[Anaesthesia in Adult Patients with Obesity]

Axel Fudickar, Berthold Bein
Anästhesiologie, Intensivmedizin, Notfallmedizin, Schmerztherapie: AINS 2019, 54 (4): 242-254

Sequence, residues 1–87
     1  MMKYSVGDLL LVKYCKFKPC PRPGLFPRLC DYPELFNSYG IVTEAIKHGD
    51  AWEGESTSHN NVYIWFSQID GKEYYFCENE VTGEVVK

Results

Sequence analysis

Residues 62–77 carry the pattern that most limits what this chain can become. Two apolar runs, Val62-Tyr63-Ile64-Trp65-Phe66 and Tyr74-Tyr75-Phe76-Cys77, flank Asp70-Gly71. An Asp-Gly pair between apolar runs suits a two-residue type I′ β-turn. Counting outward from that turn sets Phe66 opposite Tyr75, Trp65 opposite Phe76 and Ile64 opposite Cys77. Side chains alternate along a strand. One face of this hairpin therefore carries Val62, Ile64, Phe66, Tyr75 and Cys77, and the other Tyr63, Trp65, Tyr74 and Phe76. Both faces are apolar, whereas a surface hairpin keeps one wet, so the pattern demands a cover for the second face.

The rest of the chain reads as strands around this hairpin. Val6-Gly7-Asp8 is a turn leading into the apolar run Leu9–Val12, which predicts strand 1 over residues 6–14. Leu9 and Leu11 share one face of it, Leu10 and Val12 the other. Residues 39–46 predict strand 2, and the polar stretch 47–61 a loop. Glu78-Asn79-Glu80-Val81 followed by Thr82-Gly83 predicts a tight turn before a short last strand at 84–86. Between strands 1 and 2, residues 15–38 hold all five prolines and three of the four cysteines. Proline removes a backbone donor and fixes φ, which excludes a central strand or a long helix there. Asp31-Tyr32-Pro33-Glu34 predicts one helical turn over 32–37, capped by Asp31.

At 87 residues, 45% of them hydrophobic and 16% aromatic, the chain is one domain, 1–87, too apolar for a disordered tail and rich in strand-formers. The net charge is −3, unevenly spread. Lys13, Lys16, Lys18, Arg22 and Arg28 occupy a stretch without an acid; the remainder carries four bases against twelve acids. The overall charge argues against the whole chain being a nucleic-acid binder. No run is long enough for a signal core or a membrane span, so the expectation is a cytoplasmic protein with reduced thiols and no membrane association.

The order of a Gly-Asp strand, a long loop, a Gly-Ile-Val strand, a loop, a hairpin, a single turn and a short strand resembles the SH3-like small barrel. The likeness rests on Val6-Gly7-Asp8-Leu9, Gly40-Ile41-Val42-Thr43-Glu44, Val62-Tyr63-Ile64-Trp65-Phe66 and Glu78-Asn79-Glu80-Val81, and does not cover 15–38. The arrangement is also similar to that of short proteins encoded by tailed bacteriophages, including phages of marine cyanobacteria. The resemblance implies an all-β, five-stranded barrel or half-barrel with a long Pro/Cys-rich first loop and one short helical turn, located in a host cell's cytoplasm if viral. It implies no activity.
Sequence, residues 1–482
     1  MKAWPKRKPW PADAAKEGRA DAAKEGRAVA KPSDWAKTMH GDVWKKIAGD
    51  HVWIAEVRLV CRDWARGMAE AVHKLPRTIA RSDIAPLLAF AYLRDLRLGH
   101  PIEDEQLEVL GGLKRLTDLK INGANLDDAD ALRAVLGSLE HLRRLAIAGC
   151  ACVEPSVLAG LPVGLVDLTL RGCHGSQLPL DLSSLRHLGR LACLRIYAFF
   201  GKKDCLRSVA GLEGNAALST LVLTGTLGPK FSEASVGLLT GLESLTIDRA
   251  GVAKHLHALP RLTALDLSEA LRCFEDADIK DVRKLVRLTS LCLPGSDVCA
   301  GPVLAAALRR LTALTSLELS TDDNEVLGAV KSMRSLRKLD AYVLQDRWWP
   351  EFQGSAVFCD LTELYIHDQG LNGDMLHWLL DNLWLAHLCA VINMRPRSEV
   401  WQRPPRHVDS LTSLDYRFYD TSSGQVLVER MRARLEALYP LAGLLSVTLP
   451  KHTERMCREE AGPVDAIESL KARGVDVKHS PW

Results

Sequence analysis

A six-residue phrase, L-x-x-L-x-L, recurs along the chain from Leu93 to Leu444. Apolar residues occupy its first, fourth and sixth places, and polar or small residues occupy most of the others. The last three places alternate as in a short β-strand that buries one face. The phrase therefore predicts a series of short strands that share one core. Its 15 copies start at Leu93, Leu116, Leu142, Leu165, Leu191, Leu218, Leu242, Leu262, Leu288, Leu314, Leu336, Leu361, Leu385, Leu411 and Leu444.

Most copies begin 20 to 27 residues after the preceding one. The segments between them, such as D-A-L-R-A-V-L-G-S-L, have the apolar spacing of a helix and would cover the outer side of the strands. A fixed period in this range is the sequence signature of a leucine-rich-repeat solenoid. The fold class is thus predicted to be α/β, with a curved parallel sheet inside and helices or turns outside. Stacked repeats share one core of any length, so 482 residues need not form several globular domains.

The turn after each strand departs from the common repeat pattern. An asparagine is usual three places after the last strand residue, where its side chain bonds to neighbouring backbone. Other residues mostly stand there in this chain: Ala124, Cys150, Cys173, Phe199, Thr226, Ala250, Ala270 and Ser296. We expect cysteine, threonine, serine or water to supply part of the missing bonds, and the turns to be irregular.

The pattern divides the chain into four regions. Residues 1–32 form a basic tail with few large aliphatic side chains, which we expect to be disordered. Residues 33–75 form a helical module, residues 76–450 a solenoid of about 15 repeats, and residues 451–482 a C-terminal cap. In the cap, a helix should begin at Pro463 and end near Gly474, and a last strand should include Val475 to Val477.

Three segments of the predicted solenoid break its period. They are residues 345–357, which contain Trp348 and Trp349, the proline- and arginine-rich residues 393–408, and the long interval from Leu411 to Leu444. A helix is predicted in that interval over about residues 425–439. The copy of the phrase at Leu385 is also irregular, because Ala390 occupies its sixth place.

The prevalence of obesity has substantially increased worldwide during the last ten years. Hence, more anaesthetic procedures will be performed in obese patients in the future and more hospitals have to be prepared for the perioperative treatment of extremely obese patients including medical, technical and organisational issues. These include not only the management of the perioperative problems of adiposity, but also of its numerous concomitant diseases. Besides hyperlipidemia, diabetes mellitus, arterial hypertension and coronary heart disease, the obstructive sleep-apnea syndrome (OSAS) challenges the available equipment and the staff involved. Airway and breathing problems are very frequent and regional anaesthesia should be preferred. If general anaesthesia is indicated, short acting drugs like desflurane or remifentanil are recommended. Preoxygenation is improved by continuous positive airway pressure (CPAP). In this educational review, a summary of the currently known facts regarding anaesthesia in obese patients is outlined together with future perspectives. Regional anaesthesia is also recommended for postoperative pain therapy.

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